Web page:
I have a few copies, in both vynil and CD, of "Peter and the Wolf", and the old 78rpm( yes, I do have a player) of Rathbone narrating is still a favorite.

 

The first Sherlock Holmes movies I ever saw were with Rathbone, and they're the standard I use to measure the many others. And no surprise, due to that the others ALL fall short.

 

Sepiatone

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I've never seen The Scarlet Claw; it's always shown at a time when I'm not available to see it. The Adventures of Sherlock Holmes is the best of all the films, but I've never seen all the Universal films. Rathbone's Holmes is the best -- that voice, the razor sharp intelligence, even the physicality that he gives the role. Also, he has a subdued sexiness (perhaps that's what we pick up in all those villainous roles). Holmes is written as asexual, but there's a definite vibe in Rathbone's scenes with women.

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I have at all times felt that: *Pursuit to Algiers* (1945) was an oddity in the series. It had many of the stock elements but the "feel" of the movie was very different. I have long wondered if the ending line was meant as an inside joke.

 

I like most Sherlock Holmes movies and programs. The Christopher Lee versions are among my least favorites but that is due to poor writing and lack of production values. I liked the Ronald Howard television series because it was more from Dr. Watson's viewpoint.

 

I like very much the series starring Benedict Cumberbatch. It is in many ways more true to the spirit of the stories than many of the movies demonstrate.

 

I feel that Arthur Wontner embodied the character perfectly!

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Pursuit to Algiers was described, I think, as "the Love Boat" of the series. I still enjoy that one, which is shown often. One point to note, the mildly flirtatious attitude Holmes takes to the young woman on the ship. There is also some nice work by Nigel Bruce at one point when he believes Holmes is dead.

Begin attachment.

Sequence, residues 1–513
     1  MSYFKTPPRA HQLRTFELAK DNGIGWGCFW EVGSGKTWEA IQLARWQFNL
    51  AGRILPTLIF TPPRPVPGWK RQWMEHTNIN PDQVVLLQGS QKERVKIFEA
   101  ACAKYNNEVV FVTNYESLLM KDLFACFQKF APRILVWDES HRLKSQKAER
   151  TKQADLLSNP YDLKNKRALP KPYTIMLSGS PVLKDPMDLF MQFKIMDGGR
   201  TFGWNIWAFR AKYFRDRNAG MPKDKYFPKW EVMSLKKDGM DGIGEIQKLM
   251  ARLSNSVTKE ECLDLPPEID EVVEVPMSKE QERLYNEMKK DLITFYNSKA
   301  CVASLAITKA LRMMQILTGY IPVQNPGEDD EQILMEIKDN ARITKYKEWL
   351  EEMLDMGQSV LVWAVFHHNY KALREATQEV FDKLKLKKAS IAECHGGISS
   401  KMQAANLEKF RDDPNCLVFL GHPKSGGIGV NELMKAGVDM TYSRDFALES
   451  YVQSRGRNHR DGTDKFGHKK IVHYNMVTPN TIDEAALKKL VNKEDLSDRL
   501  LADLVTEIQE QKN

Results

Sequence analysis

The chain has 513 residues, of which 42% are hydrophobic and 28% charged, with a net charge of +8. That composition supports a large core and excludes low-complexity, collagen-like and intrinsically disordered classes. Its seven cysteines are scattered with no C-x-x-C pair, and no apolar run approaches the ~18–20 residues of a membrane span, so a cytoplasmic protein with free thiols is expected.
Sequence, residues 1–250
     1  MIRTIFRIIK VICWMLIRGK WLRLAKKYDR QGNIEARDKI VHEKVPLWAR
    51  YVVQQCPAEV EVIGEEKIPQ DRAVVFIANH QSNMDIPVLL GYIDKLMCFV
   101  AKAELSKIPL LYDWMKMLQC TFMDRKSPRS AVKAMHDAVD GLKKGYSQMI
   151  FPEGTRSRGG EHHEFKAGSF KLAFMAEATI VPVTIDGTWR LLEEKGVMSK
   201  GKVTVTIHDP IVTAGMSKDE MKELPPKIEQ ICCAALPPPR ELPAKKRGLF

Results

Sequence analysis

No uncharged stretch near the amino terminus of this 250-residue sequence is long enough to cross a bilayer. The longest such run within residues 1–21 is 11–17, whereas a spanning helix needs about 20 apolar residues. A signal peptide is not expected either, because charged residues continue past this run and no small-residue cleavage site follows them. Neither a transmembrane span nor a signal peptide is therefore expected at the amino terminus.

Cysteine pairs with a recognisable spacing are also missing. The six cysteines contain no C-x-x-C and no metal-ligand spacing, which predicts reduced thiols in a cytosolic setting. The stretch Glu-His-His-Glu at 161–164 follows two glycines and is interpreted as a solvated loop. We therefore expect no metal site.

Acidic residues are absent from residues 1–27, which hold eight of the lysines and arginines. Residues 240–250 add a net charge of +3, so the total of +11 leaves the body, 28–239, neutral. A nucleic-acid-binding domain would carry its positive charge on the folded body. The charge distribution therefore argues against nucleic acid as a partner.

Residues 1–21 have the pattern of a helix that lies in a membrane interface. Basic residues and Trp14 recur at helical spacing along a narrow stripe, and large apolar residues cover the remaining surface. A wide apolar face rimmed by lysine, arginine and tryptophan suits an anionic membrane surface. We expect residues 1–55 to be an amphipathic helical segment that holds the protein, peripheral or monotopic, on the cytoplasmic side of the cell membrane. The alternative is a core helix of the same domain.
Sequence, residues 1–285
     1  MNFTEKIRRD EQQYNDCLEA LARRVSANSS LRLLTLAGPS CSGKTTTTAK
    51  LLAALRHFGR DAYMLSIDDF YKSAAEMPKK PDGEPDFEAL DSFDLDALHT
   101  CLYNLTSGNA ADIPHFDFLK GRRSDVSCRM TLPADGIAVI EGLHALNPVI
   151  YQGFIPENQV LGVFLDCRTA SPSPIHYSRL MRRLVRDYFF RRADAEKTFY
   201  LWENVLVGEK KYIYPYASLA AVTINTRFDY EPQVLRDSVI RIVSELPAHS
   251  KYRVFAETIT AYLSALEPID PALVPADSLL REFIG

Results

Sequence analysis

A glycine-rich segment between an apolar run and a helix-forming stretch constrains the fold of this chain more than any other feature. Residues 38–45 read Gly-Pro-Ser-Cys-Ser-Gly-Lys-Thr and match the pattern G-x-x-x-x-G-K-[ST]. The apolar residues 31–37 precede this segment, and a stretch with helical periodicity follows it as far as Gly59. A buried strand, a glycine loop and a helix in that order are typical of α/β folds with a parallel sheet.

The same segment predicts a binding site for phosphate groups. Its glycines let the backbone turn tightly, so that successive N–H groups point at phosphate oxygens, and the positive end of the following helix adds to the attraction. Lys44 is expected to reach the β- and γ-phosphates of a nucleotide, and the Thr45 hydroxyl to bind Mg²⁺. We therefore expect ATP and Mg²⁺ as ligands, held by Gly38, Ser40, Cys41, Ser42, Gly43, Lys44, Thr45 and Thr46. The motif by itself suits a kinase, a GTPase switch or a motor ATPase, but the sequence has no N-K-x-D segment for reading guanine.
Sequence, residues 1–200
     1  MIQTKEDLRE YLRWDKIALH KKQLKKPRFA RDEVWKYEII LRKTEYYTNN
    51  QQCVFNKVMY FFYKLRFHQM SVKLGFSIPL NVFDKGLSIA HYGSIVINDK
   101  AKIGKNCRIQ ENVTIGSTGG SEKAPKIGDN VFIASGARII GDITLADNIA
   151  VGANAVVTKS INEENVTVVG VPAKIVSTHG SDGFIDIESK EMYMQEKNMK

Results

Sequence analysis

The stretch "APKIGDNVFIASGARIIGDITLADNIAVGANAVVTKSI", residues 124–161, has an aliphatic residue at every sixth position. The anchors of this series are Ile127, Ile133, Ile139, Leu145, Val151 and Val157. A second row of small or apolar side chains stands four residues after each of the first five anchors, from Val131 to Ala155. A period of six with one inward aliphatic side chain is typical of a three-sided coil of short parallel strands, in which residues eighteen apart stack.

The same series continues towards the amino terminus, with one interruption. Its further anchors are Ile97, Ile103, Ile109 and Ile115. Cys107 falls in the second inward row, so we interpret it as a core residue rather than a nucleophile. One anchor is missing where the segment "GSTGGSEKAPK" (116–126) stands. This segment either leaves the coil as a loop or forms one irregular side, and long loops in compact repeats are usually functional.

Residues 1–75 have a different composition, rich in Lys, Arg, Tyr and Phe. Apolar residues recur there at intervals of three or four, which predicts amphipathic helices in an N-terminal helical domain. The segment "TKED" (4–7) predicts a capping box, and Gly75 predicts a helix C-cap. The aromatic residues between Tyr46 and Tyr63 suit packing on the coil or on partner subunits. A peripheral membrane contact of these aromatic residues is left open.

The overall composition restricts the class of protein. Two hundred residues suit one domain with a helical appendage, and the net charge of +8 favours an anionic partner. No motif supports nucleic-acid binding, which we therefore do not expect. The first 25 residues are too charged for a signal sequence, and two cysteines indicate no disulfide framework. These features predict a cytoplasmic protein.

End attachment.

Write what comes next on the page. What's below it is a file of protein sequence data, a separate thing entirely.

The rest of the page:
For Basil fanatics, I highly recommend two sites www.basilrathbone.net and http://thegreatbaz.wordpress.com/

 

Both sites reveal dimensions and new information about this respected and multi-talented actor.

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As several others have hinted at, the Rathbone / Holmes films are great to watch because of the actor's talent but the films also have good tight scripts and direction. Roy William Neill did a great job on all of the Universal films. They may have "B" movie budgets but they have an "A" quality feel to them. The supporting casts (some people appear in several films as different characters) all give solid performances. The only potential knock on these films is Nigel Bruce's Dr Watson character. But I look at it as an interpretation of Watson that's supposed to lighten the tone of the story and there's no question that Rathbone and Bruce worked very well together. Rathbone always defended Bruce's work in the films. By the way Nigel Bruce also served in WWI with distinction. And sadly, Rathbone's brother was killed in the war.

 

Edited by: mrroberts on Nov 28, 2013 11:30 AM

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And let's not forget the last line of The Hound of the Baskervilles: "...Watson! The needle!"

 

That line was what made The Hound of the Baskervilles a college cult classic in the 60's and early 70's, but I've always loved all of the Rathbone / Bruce movies. OTOH what drives my fondness for their version of Holmes up a notch isn't Rathbone - - - as good as he is - - - but rather Bruce's lovable and clueless take on Watson, which on the observable IQ scale barely registered one step above Ballard Berkeley's "The Major" character in Fawlty Towers, and was every bit as entertaining. They can keep remaking Holmes for the next 1000 years, but Rathbone and Bruce will always hold the keys to the franchise.

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mrroberts, Nigel Bruce was injured in WW1 hence the funny walk. rosebette, I will check out those sites you mentioned, Thanks! I can't pick a favorite of the 14 because mine changes every few months. I love the scene in the Algiers when the girl tells Watson she is from Brooklyn[because I am from Brooklyn]. Anyway, I think the chemistry between Rathbone and Bruce is Great. Nigel Bruce adds a little humor to the part. And just like nobody comes close to Rathbone's Sherlock, nobody comes close to Bruce's Watson. Anyone ever see THE YOUNG SHERLOCK HOLMES? Very good!